Review of “Widows”

A crew of armed robbers led by Harry Rawlings (Liam Neeson) conduct big money heists in and around Chicago. They are very good at what they do, but one night their luck runs out. A shootout in a garage with police causes an explosion of compressed gas canisters, killing Rawlings and his three accomplices. Rawlings wife Veronica (Viola Davis) is left to grieve her loss, but she also has a much bigger problem. The target of Rawlings last job was gangster turned aspiring politician Jamal Manning (Brian Tyree Henry). Rawlings and his crew stole $2-million and Manning wants it back to use in his campaign for a seat on the Chicago Board of Aldermen. Manning give Veronica one month to come up with the money or he’ll kill her. Manning’s opponent for the seat is Jack Mulligan (Colin Farrell), the son of long-time alderman Tom Mulligan (Robert Duvall). Jack is reluctantly following in his father’s footsteps but is just as corrupt and bigoted as him. Manning and Mulligan are in a tight race and that $2-million could be important in the final push to election day. Rawlings kept a notebook of all his jobs, including his next one that has a potential take of $5-million. Veronica recruits the widows of Harry’s crew: Linda Perelli (Michelle Rodriguez) and Alice Gunner (Elizabeth Debicki). The fourth widow Amanda Nunn (Carrie Coon) has a newborn baby and doesn’t want to be involved in the plan. Each woman has their strengths and weaknesses and Veronica is the leader despite rubbing her partners the wrong way. A fourth woman, Belle (Cynthia Erivo), who babysits for Linda and works at a hair salon that’s being shaken down by Jack Mulligan, joins the crew as a driver. The group of inexperienced robbers have just a few days left before the one-month deadline passes and must learn to work together as a team to pull off a complicated plan to save their lives.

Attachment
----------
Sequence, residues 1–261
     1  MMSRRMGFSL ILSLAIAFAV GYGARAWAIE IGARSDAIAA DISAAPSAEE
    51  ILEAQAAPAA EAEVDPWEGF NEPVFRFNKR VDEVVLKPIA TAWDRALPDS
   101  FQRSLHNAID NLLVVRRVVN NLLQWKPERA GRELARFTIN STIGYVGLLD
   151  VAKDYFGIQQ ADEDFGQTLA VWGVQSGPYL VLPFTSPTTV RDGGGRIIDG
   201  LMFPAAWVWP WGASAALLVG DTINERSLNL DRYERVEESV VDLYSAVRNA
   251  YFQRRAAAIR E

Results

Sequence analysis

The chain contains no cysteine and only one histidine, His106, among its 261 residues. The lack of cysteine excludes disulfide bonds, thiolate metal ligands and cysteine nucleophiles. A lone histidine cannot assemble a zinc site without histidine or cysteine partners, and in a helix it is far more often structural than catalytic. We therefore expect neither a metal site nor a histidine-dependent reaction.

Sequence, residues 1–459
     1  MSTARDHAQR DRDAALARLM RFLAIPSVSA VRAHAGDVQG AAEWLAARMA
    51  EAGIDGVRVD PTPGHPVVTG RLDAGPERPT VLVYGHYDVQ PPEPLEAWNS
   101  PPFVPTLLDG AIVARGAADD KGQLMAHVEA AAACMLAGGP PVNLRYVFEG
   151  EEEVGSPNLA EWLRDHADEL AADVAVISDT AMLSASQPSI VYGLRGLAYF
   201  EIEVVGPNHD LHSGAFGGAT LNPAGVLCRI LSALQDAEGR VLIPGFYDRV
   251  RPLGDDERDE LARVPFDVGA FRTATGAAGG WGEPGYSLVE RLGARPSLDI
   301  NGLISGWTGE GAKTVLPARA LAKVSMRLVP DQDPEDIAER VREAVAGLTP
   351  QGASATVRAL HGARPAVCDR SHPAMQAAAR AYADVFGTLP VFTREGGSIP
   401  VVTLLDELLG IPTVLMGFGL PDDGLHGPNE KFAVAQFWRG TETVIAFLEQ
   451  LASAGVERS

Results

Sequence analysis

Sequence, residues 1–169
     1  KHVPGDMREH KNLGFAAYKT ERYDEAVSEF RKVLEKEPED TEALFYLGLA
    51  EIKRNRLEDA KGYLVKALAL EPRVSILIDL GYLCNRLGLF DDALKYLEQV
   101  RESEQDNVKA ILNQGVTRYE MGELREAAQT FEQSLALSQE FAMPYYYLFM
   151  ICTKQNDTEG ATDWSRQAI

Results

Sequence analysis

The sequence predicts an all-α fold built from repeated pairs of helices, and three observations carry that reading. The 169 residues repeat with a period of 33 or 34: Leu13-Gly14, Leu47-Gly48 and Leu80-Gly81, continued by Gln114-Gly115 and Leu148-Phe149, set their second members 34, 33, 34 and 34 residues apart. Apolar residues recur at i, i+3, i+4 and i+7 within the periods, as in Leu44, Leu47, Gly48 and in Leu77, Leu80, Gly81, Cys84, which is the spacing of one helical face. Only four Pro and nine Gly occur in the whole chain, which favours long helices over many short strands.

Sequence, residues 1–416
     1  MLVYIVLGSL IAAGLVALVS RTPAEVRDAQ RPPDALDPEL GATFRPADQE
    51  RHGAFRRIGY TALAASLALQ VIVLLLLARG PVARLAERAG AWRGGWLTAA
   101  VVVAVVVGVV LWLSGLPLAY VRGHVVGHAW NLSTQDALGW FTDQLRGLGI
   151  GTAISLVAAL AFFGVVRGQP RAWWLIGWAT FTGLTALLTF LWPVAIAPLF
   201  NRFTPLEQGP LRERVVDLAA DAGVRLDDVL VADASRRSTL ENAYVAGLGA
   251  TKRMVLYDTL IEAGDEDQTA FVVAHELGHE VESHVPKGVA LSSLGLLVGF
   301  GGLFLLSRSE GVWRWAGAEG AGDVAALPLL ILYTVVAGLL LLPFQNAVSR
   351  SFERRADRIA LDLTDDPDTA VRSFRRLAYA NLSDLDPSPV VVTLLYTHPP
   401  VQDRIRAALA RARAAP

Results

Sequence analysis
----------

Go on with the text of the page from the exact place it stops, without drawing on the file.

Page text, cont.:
“Widows” is a smart heist movie. It shows us almost all the parts of the plan but holds just enough back to allow for a few surprises. The film also drops personal nuggets about the main relationship in the story, between Harry and Veronica, that are mysteries at first. As the film moves along, we get explanations to these mysteries and reasons for moments of drama and sadness. Director Steve McQueen has taken what could have been a very average crime flick and turned it into a relationship drama between the four women and the ghosts of their husbands. The amazing thing is it works no matter what part of the story is the highlight at any given moment.